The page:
Warren’s post on X, previously Twitter, said Wendy’s plan “means you could pay more for your lunch, even if the cost to Wendy’s stays exactly the same. It’s price gouging plain and simple, and American families have had enough.”
“I guess I won’t be eating at Wendy’s anymore,” one Reddit user said in a post, while others on X called for boycotts.
Analysts and consultants were skeptical of the idea of surge pricing at restaurants.
Wendy’s “dynamic pricing” was a hot topic at a restaurant conference in the Dallas area, with several executives saying customers – already skittish after recent price increases – would likely be scared off by unpredictable prices.
“I don’t see it taking off any time soon,” said Victor Fernandez, a senior analyst at restaurant analytics firm Black Box Intelligence.
Michael Lukianoff, CEO of SignalFlare.ai, who has consulted with restaurants about pricing for years, said that “dynamic pricing” is a great success in other industries such as airlines, but would not work in restaurants.
“Customers will shop elsewhere,” he said.
Wendy’s sales have already slowed. Placer.ai data showed visits to Wendy’s outlets declined in all three months of the fourth quarter of 2023.
Wendy’s shares, which dropped about 14% in 2023, were up 1% on Wednesday. The company also recently issued a profit forecast for this year below Wall Street estimates, hurt by higher commodity and labor costs.
Apple shareholders reject AI disclosure proposal
© Reuters. Apple logo is seen in this illustration taken, August 22, 2022. REUTERS/Dado Ruvic/Illustration
By Stephen Nellis
(Reuters) -Apple plans to disclose more about its plans to put generative artificial intelligence to use later this year, Chief Executive Officer Tim Cook said during the company’s annual shareholder meeting on Wednesday.
Cook said that the iPhone maker sees “incredible breakthrough potential for generative AI, which is why we’re currently investing significantly in this area. We believe that will unlock transformative opportunities for users when it comes to productivity, problem solving and more.”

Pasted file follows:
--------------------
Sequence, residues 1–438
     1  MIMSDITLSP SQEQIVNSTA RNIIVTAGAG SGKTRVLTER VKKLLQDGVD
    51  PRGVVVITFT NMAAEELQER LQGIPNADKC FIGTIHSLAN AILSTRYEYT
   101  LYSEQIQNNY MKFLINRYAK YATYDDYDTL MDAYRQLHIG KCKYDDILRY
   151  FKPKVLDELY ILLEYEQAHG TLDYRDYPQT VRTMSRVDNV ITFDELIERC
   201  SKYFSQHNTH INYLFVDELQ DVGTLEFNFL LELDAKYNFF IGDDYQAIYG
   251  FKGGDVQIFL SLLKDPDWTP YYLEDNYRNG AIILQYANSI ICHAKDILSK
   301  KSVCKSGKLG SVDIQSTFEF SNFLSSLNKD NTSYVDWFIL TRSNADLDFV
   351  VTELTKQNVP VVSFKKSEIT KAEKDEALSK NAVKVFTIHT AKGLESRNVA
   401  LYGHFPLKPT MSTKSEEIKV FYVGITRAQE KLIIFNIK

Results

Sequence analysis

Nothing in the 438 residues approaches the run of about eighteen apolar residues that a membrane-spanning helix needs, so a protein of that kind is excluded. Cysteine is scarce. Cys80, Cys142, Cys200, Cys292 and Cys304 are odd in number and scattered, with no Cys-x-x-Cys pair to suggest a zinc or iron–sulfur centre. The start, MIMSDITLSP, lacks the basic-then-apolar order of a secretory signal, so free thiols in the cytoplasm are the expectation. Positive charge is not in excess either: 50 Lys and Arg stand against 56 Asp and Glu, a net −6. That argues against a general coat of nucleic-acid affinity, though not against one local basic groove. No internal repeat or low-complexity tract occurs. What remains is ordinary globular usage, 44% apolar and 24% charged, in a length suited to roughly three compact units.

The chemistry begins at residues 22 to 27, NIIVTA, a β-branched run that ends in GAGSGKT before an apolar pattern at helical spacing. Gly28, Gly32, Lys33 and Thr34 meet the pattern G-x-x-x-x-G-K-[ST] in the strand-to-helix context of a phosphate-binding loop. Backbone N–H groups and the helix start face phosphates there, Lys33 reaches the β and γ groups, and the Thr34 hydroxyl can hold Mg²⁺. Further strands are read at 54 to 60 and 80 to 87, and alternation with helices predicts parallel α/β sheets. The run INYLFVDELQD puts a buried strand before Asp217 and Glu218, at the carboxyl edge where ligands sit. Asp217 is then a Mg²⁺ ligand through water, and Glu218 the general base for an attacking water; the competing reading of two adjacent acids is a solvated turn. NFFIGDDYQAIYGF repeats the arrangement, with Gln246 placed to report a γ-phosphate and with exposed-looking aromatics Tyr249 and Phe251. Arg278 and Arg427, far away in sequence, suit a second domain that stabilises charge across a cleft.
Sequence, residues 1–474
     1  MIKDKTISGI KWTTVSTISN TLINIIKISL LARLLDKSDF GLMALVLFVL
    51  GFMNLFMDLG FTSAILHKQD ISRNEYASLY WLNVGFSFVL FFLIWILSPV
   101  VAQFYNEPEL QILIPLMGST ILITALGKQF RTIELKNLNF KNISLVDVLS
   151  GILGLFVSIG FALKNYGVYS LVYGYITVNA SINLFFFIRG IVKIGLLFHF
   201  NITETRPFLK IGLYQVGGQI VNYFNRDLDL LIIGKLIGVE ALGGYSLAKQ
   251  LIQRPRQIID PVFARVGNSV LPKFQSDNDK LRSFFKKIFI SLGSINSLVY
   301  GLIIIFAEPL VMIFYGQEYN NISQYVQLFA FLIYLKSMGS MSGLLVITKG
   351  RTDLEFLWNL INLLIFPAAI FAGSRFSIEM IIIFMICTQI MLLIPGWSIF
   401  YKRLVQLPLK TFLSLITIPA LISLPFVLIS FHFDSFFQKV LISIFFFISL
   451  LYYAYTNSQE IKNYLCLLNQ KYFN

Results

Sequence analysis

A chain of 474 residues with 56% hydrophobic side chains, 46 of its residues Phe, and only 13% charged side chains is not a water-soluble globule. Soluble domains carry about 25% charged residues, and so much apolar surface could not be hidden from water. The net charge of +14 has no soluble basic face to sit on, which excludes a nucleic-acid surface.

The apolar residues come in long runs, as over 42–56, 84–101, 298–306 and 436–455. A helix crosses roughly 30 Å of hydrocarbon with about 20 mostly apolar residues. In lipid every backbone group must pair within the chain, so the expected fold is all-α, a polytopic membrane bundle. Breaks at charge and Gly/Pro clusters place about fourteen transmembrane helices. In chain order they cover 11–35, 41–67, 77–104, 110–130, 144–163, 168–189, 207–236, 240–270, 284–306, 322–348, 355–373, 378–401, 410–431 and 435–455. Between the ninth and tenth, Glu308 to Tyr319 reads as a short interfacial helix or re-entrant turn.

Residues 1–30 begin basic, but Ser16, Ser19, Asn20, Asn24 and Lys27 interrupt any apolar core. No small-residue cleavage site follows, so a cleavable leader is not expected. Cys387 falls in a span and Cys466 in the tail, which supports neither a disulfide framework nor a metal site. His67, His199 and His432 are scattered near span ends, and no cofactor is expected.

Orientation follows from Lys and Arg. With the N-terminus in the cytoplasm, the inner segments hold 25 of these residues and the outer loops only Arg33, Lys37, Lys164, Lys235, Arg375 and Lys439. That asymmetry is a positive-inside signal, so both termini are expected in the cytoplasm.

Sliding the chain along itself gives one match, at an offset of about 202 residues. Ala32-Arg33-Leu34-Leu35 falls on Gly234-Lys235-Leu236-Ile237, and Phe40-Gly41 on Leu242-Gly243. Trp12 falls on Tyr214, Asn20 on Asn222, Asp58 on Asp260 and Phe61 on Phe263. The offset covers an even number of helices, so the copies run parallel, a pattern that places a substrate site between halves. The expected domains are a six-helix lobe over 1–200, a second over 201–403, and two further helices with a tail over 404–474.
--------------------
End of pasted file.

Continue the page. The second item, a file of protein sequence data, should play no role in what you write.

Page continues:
Apple (NASDAQ:) has been slower in rolling out generative AI, which can generate human-like responses to written prompts, than rivals such as Microsoft (NASDAQ:) and Alphabet (NASDAQ:)’s Google, which are weaving them into products.
On Wednesday, Cook argued that AI is already at work behind the scenes in Apple’s products but said there would be more news on explicit AI features later this year. Bloomberg previously reported Apple plans to use AI to improve the ability to search through data stored on Apple devices.
“Every Mac that is powered by Apple silicon is an extraordinarily capable AI machine. In fact, there’s no better computer for AI on the market today,” Cook said.
Apple shareholders on Wednesday rejected a measure asking the company to disclose more information about how it uses artificial intelligence in its business and its ethical guidelines for the technology.
The proposal, which was defeated at the company’s annual shareholder meeting, was put forth by the pension trust of the AFL-CIO, the largest American labor union federation, which has also proposed AI measures at other technology companies.
A similar proposal will be heard at Walt Disney (NYSE:)’s annual meeting in April.
At Apple, the AFL-CIO asked for a report on the company’s use of AI “in its business operations and disclose any ethical guidelines that the company has adopted regarding the company’s use of AI technology.”
In its supporting statement in Apple’s proxy materials, the AFL-CIO wrote that “AI systems should not be trained on copyrighted works, or the voices, likenesses and performances of professional performers, without transparency, consent and compensation to creators and rights holders.”
Apple opposed the measure, saying that disclosures could tip its hand on strategy as it competes against rivals in the fast-moving AI field.
UMG to generate 250 million euros in savings by 2026, flags job cuts
© Reuters. FILE PHOTO: Universal Music Group logo is seen displayed in this illustration taken, May 3, 2022. REUTERS/Dado Ruvic/Illustration/File Photo
(Reuters) – Universal Music Group (AS:) will cut jobs and streamline its operations with the aim of generating 250 million euros ($271.03 million) in run-rate savings by 2026.
In the first phase of the plan, which will be introduced immediately, the group plans to save 125 million euros in 2025, including 75 million euros in 2024, the company said.
“Our organizational redesign achieves efficiencies in targeted cost areas while providing our labels with unprecedented capabilities to deepen artist and fan connections via new experiential, commerce, and content offerings,” the group said in a statement.
UMG also posted a 9.2% year-on-year increase in adjusted core profit (EBITDA), to 677 million euros in the fourth quarter, as its revenue rose to 3.21 billion euros, up 9.0% from previous year.
It proposed a year-end dividend of 0.27 euros per share, bringing total dividend payout in 2023 to 0.51 per share.
($1 = 0.9224 euros)
(This story has been refiled to add ‘euros’ in the headline)
(Reportin by Dagmarah Mackos, editing by Tassilo Hummel)